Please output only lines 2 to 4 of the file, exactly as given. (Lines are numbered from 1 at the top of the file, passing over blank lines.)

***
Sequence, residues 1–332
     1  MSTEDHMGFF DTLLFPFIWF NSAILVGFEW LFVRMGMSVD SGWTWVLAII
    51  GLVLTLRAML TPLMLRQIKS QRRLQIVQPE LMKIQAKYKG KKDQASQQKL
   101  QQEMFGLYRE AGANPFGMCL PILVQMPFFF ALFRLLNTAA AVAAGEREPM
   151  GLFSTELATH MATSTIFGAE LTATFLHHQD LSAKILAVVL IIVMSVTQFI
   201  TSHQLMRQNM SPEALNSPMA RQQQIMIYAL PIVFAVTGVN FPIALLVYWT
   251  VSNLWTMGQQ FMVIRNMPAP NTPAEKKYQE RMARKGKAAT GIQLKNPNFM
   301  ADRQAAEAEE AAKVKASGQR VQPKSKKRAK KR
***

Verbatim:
     1  MSTEDHMGFF DTLLFPFIWF NSAILVGFEW LFVRMGMSVD SGWTWVLAII
    51  GLVLTLRAML TPLMLRQIKS QRRLQIVQPE LMKIQAKYKG KKDQASQQKL
   101  QQEMFGLYRE AGANPFGMCL PILVQMPFFF ALFRLLNTAA AVAAGEREPM